Friends, fans at wake share remembrances of Dennis Farina
BY MITCH DUDEK Staff Reporteremail@example.com July 29, 2013 10:12PM
Updated: August 31, 2013 6:36AM
The Hollywood glow of actor Dennis Farina faded to the background Monday as friends and others who attended his Northwest Side wake remembered a high school classmate who was smooth with the ladies, a Chicago cop who served his city with honor and a dad with a sense of humor.
The Rev. Dan McCarthy, Farina’s former Northwest Side parish priest at Our Lady of Victory, recalled with a laugh how Farina used police tactics to help win a father-son basketball game. Farina was up against his eldest son — also named Dennis — and his eighth-grade comrades. The dads were up a few points at halftime, but completely exhausted, McCarthy said.
“I look around and I count and there’s only four kids out on the floor. I look around for the star of the team, who was the one that was missing, and I see that Dennis had handcuffed him to the locker-room door. So, needless to say, we went on to win, because he stayed handcuffed for the whole second half,” said McCarthy, who played with the dads.
Farina, 69, who had lung cancer, died from a blood clot in his lung last week in Arizona. The wake was held at the Montclair-Lucania Funeral Home, 6901 W. Belmont Ave.
Teresa McDonough Duffy, who went to high school at St. Michael’s in Old Town with Farina, said he kept her in stitches, and, consequently, in hot water with the nuns.
“I would get in trouble every day at our daily mass because he’d be across the pews . . . just trying to make me laugh, which he did, and I would get in trouble with the nuns,” she said.
“And Dennis was a coffee drinker. He didn’t take girls out for fries and a coke, you met him for coffee, which I thought was just ahead of his time for being 17 years old.”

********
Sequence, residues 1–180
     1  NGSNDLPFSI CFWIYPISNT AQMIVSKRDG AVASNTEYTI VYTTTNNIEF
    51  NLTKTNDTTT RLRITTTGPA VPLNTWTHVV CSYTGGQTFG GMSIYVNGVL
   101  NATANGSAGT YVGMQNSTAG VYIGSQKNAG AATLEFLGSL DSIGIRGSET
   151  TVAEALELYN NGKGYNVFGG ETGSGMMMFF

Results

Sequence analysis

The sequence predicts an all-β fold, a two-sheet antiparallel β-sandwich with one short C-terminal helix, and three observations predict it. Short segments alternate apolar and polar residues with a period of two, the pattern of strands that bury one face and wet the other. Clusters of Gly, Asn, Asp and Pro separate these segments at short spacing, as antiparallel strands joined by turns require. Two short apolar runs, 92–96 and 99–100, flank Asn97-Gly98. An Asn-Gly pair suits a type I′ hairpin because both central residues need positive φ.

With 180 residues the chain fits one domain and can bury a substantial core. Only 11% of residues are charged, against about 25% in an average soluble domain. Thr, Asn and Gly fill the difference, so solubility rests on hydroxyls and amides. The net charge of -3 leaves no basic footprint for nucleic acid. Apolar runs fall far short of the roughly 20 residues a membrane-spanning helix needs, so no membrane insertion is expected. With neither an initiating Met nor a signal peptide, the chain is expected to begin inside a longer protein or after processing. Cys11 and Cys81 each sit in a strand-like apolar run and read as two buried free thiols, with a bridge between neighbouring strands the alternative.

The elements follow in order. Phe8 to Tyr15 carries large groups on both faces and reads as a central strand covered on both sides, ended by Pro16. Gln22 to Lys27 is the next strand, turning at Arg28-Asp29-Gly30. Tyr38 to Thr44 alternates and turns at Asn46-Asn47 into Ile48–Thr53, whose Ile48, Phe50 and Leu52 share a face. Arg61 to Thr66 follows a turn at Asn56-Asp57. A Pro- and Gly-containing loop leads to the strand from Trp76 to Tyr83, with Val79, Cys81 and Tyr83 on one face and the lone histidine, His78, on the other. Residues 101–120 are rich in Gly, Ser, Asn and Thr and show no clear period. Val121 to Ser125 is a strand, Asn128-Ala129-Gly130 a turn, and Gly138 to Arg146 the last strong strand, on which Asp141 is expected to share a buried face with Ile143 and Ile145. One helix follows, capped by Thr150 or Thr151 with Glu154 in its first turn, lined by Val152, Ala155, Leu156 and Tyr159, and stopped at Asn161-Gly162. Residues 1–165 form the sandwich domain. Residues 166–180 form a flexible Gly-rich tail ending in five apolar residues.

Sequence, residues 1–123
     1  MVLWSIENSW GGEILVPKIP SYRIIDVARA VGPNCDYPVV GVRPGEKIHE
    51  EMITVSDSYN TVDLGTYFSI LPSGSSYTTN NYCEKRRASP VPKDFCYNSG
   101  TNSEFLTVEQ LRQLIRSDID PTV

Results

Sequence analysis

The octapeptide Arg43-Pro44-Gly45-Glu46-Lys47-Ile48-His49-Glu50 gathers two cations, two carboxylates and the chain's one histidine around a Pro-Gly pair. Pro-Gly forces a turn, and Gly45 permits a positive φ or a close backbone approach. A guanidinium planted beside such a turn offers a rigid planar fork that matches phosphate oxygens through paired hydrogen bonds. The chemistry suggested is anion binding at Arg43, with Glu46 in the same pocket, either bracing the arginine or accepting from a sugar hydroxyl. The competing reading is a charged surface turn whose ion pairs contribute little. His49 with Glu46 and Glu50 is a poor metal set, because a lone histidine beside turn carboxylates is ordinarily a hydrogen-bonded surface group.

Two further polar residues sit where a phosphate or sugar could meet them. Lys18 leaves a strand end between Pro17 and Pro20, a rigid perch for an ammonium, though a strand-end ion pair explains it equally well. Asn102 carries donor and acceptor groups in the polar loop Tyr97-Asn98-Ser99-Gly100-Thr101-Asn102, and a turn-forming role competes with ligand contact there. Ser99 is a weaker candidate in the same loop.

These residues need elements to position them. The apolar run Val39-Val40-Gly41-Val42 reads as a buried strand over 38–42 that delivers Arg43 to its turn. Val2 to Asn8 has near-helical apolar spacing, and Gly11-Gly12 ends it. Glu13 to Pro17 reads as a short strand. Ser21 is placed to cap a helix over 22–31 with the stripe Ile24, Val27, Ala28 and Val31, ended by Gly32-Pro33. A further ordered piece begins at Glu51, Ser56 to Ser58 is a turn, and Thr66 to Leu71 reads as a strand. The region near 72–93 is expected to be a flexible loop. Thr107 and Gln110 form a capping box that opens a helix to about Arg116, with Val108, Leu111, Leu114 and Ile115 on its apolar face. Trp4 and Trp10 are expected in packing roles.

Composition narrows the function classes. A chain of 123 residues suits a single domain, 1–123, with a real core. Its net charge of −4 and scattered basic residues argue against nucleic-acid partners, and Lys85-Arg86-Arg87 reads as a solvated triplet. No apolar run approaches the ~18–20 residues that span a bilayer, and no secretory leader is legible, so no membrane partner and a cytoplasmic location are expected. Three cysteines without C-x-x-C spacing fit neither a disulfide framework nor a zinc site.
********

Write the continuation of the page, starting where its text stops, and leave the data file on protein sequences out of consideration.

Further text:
Farina, who served as a police officer in Chicago before his acting career took off, appeared in movies such as “Saving Private Ryan” and “Get Shorty.” Contrary to his law enforcement background, he often portrayed seedy characters on the screen.
Film producer Steven A. Jones said Farina honed his skills on stage in Chicago.
“Dennis was playing a bad-guy character during a play called ‘Cops’ at the Organic Theater, and I remember he played it so well that several cops who were in the audience felt like they could just get up and waste him right there,” Jones said.
Dozens of active-duty and former police officers attended the wake.
“He was always a gentleman, a nice guy and a great cop,” said retired police officer Anthony Bongiorno, 73. Other retired officers who asked not to be named said Farina was a “what-you-see is-what-you-get” kind of guy who never let his fame go to his head.
The wake was closed to the media, but open to fans like Miriam Bubniak, 54, who traveled from Itasca to pay her respects. “He was just such a cool character,” Bubniak said. “I loved him as the host of ‘Unsolved Mysteries.’
Actor William Petersen attended the wake. John Mahoney of “Frasier” fame also was there.
Farina’s funeral will be at 10 a.m. Tuesday at Assumption Catholic Church, 323 W. Illinois St.